It had all turned out to be so strange, so ironic. Angela Peterson's family had moved west because her mother had not been well and the doctor said the cooler, clear air of the region might be easier on her lungs. Her father sold the farm and loaded everything they could take with them in three wagons. They found new land and a new life, setting about to build another farm.
Her mother's health did improve at least for a while. Then a winter cold put her back in bed and it became clear she had only months to live. Angela was just fourteen at the time, and in those intervening months her mother tried to prepare her for the responsibility of raising three young siblings. But no one dreamed that something would happen to their father.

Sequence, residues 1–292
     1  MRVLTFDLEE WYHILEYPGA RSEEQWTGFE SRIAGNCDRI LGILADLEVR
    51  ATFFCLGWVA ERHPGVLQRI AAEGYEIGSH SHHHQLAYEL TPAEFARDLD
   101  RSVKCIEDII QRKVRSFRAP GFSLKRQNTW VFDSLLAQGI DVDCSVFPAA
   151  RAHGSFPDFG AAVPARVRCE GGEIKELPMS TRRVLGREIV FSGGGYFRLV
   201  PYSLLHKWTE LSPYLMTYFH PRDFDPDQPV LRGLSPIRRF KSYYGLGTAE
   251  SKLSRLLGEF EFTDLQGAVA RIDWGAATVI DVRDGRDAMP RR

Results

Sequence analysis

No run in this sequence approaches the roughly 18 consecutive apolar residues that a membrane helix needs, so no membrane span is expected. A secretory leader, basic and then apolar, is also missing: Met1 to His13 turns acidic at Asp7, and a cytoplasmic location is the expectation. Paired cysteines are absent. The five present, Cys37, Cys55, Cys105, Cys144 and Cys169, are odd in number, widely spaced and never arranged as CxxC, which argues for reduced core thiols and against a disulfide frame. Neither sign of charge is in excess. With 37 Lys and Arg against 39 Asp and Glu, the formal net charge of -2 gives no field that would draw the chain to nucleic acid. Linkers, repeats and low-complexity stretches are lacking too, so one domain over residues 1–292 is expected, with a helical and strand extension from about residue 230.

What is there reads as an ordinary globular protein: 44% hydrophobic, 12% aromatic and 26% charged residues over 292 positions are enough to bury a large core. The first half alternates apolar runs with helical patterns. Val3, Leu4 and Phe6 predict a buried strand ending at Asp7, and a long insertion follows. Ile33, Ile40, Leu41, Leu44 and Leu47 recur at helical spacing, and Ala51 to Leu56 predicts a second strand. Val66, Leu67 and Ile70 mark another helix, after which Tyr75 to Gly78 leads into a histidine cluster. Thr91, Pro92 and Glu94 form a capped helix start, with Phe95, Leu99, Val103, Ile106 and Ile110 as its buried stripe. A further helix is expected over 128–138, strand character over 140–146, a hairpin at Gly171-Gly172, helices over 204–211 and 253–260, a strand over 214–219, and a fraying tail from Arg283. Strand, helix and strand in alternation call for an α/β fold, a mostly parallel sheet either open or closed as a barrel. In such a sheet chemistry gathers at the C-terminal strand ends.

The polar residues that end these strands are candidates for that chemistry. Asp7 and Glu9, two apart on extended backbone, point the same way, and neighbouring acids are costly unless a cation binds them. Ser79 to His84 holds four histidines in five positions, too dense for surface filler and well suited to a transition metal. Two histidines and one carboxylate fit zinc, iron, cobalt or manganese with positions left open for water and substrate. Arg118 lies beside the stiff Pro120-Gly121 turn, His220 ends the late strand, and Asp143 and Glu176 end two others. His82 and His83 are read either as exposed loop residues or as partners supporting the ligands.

For Angela, now seventeen, and her older brother Thomas, the profound events that reshaped their family also changed their lives. Angela does her best to care for the children, but still wonders if she is providing everything they need like her mother did. And as the children grow, the questions and challenges intensify, at times even feel overwhelming. Preparing them for life seems to require something more.
She did not know a bigger challenge was yet to come.